Archive for March, 2010

FatLand, Part II: The Early Days

March 31, 2010

It was almost as if they were upset that none of us had diabetes or high cholesterol or heart disease or arthritis. Going even further out on a limb, I would bet that at least one or two of them hoped that some of us would develop them. That way their previous theories and prejudices would hum along nicely, as would their grants from fat-hating foundations.

In a way I was tempted to give my sister and fellow residents a pep talk about perhaps eating their fruits and veggies and getting in a walk every day. But then I thought, well, it’s never been proven that consuming x food or walking y miles actually prevents anything except supposed risks. And wasn’t the point of this “experiment in living” to show that if we just lived without worrying about our weights or lifestyles and went about the routines and pleasures of living, we would simply be living as others do?

And they -or someone, somewhere- had to remember that we are a majority, not a minority, according to the National Health Center, since something like 63 percent of the population of the USA was now “overweight” (overweight for what? over whose weight) or -that oh-so-fearful bugaboo of an expression – obese.

I was so looking forward to that first part of the first segment of the first show, where we would all introduce ourselves and people would get to hear that we were simply ten people who happened to be fat and had virtues, failings, problems, elations, wishes and hopes in our lives just like everyone else.

It was scheduled, Karen told me, for July 4th. How corny could they get?


FatLand, Part II: The Early Days

March 30, 2010

That in itself came as a major revelation to the execs who had to approve it, that there could be and actually were ten people with no underlying medical conditions or problems. They had two teams of docs check us out. The doctors were almost as astonished as the execs. It was rich. They kept exclaiming to each other, “I don’t understand it.”

FatLand, Part II: The Early Days

March 30, 2010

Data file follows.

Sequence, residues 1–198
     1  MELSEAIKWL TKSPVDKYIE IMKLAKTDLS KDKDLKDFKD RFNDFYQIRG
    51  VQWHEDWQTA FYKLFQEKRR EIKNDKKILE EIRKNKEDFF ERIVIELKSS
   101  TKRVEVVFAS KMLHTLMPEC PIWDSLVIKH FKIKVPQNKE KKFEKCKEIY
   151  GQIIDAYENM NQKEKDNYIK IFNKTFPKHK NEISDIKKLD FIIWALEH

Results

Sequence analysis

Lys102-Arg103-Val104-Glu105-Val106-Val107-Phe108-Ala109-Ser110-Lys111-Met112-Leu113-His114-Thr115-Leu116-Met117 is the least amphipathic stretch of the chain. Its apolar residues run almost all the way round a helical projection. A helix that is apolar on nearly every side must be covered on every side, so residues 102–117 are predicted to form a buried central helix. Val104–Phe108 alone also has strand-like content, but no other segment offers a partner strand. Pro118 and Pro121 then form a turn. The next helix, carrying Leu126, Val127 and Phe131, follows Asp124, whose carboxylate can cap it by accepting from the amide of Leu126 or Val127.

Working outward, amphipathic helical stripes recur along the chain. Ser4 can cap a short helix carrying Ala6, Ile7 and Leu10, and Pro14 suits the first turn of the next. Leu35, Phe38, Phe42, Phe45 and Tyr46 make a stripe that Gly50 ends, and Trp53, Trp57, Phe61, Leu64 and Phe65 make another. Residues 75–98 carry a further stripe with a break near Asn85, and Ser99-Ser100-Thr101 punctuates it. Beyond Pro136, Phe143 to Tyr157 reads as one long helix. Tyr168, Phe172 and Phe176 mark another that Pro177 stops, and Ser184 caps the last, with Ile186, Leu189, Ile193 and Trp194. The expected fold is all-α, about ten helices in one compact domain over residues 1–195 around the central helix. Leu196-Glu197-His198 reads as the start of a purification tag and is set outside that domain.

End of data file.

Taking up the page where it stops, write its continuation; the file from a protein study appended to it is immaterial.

Ten of us fat people go into a house and live. That’s it.  They don’t put us on scales or diets. We are not called to “date.”  We had to fight for that, though, and the compromise was that we list everything we eat on the electronic “board.”  But we don’t get weighed. We don’t get told what to eat.  We make out lists and they buy whatever we ask.

And for the “experiment in living,” as they call it, they chose ten healthy fat people.

FatLand, Part II: The Early Days

March 24, 2010

It was our own show. And we didn’t even have to pitch it.  All it took, seemingly, was one sympathetic and enthusiastic exec.  She piloted it through the maze of offices and boards.

We knew, of course, that one of the main selling points of the show was that myriad companies were looking forward to selling heaven-knows-what brands of diet pills and smart meals and even -the ultimate clunker/clinker- body-changing surgery.  We decided that for the sake of getting the show on, we would have to live with this.

The entire concept of the show itself was exquisitely, heartrendingly, kneebendingly simple.

FatLand, Part II: The Early Days

March 24, 2010

The three archivists are searching now. They were given a grant by the Board to find out about the early days of FatLand.  Part of me wants to give them every last ounce of information I have, and damn the consequences. Part of me wants them not to find me.

Whichever wins, I am in deep and unadulterated trouble.

FatLand Part II: The Early Days

March 23, 2010

I made a bargain, and I have kept it. I harbor no illusions about my own altruism, but the bargain was not for my sake.

Perhaps I was glad to avoid what will undoubtedly precipitate a crisis. Fate tricks us into thinking that we can leave well or even somewhat ill alone and gloss over the past to live free of emotional debt in the present. I am sure I am not the only one to find out that this is not so.

FatLand: Part II – The Early Days

March 20, 2010

Well, it has finally come.

I cannot say that I have been happy or fulfilled here, even though the hideout is gracious and stately in a gracious and stately European capital. But the stateliness and grace were bought at the expense of the truth, and this has weighed upon me constantly. How ironic, that people used to think that “weight” and supposed heaviness of body were sins. The real sin is the weight on the mind that comes with hiding the truth.